She and other top officials have also doused the idea, floated recently by regional bank presidents, that shrinking the balance sheet could be used as a complementary tool for tightening monetary policy. The federal-funds rate “is our traditional tool,” she told lawmakers. “It’s the one that we have the most confidence in.”...

Fed officials don’t want to wait too long to move and risk letting the economy overheat, which could require them to raise rates more rapidly later, possibly causing a recession, Ms. Yellen said. She added that she didn’t see any evidence the bank was “behind the curve” or moving so slowly that it risked letting the economy overheat.

Fed officials in December nudged up the federal-funds rate by a quarter percentage point, to between 0.50% and 0.75%, and said they expected to raise rates this year by another 0.75 percentage point, likely in three quarter-point moves. Ms. Yellen on Friday described that projection as “consistent” with the bank’s expectation for a gradual pace of rate increases.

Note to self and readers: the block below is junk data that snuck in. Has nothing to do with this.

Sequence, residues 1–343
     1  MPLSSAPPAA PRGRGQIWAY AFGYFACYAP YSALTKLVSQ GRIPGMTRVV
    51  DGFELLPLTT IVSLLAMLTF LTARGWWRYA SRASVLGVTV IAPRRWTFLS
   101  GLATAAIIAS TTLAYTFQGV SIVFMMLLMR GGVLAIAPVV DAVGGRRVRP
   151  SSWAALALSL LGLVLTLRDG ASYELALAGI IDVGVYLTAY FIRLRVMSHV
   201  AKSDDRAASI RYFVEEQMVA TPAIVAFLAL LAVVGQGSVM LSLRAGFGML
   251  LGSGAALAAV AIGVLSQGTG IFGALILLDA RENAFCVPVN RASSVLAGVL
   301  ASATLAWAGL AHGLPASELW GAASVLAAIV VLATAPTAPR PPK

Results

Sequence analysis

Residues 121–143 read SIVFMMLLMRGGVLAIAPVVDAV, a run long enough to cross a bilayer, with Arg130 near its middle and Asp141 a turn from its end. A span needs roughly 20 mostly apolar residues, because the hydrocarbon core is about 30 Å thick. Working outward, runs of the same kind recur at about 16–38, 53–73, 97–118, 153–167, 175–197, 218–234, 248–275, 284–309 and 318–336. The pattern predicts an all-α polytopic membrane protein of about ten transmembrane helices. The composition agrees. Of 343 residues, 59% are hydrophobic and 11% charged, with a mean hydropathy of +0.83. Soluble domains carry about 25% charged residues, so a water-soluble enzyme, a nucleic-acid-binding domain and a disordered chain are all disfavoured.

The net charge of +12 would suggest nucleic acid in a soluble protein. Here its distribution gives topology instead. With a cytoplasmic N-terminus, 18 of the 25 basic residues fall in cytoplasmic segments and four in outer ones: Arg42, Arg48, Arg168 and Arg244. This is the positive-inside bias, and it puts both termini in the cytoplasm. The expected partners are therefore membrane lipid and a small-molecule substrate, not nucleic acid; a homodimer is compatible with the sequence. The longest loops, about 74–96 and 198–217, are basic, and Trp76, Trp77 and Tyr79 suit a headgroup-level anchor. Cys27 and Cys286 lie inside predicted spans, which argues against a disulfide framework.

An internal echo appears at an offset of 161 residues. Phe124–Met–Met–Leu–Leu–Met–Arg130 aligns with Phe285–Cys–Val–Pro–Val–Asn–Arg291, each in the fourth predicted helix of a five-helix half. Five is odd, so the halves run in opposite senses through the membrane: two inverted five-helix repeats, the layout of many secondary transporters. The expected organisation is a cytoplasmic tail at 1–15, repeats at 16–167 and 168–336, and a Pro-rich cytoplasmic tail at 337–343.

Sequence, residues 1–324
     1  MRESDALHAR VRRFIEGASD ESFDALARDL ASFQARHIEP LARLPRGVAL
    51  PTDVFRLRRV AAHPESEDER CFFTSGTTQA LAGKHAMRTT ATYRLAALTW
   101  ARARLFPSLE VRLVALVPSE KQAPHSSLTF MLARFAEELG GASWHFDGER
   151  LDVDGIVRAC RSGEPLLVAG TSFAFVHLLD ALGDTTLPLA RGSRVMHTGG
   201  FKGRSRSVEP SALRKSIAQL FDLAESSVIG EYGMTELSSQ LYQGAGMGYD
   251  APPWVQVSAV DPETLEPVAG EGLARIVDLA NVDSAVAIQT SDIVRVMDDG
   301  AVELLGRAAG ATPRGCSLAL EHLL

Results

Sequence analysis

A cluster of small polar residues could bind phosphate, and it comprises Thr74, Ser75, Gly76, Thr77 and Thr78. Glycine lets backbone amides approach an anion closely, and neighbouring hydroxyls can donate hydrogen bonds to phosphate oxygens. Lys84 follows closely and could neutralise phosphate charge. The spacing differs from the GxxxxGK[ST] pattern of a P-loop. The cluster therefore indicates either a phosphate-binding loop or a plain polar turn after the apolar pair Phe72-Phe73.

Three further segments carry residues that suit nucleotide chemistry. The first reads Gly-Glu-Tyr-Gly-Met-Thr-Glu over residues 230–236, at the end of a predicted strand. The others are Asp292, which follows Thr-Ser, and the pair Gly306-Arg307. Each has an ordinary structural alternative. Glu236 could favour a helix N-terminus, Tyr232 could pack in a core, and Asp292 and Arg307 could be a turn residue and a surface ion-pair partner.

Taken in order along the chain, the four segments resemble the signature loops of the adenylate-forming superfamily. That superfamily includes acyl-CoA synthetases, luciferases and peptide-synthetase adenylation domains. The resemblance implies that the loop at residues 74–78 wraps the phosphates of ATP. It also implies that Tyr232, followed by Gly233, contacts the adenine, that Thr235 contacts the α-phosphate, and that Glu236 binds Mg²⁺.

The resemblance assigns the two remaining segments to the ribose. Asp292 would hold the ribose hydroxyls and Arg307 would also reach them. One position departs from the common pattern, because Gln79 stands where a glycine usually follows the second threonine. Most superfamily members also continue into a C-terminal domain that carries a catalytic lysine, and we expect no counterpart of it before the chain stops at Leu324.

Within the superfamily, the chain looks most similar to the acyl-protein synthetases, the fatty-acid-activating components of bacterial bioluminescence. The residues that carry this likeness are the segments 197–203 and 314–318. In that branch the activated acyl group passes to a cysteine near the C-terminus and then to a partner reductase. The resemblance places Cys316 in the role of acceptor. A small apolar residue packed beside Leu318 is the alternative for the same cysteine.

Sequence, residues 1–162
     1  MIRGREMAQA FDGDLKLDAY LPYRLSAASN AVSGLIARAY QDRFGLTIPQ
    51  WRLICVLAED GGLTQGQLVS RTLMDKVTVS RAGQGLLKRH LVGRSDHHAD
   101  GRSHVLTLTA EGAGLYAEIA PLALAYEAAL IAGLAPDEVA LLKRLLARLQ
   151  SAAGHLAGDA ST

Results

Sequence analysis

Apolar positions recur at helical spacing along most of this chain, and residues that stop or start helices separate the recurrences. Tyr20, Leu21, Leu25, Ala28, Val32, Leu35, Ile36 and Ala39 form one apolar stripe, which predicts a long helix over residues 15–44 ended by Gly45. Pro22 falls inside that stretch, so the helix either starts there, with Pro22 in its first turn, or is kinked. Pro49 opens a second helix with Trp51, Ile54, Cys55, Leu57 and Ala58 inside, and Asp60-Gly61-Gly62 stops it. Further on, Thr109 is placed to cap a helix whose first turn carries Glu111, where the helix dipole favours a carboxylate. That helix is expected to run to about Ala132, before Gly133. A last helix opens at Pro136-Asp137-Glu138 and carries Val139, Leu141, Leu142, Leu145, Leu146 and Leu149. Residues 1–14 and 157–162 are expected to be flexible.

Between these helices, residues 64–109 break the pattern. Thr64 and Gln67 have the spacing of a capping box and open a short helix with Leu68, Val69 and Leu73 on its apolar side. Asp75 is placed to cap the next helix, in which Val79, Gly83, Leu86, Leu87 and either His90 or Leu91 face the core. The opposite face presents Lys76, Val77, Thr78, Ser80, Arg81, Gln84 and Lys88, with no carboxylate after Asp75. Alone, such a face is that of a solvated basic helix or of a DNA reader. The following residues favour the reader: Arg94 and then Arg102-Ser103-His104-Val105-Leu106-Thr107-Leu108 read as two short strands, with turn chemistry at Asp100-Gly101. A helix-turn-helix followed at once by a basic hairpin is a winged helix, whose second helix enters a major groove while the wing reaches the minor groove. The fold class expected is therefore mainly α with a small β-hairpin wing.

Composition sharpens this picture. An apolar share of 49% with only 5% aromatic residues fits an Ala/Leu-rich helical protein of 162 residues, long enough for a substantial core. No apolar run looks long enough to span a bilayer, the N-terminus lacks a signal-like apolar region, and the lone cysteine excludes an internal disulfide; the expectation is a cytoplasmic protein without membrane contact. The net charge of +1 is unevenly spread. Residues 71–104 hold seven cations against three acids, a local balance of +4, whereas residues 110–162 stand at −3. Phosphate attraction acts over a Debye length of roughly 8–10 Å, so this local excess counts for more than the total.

Since then, the economic outlook has unfolded largely in line with Fed expectations. “There is almost no economic indicator that has come in badly in the last three months,” Fed Vice Chairman Stanley Fischer said Friday at a conference in New York....

The Fed’s preferred inflation measure in January rose 1.9% from a year earlier, putting the gauge closer to the central bank’s long-run objective of 2% than at any time since 2012.
The U.S. labor market has notched steady gains. Employers added 227,000 jobs in January, and the unemployment rate stood at 4.8%.

6--President Trump could be on a collision course with the Fed

Trump is proposing spending programs that seem to imply the economy is weak and in desperate need of help.
But Yellen doesn't see it that way. The economy is clearly in a recovery mode, and she seems ambivalent about how much additional fiscal stimulus the economy might need.

What Yellen and company think about the Trump plan matters a lot. If Trump gets his way and suddenly we have a large tax cut — with additional spending hikes in the form of defense spending and infrastructure — it's likely the Fed will view that as a notable risk to their inflation outlook, just as it looks like they might finally be getting to that elusive 2 percent target.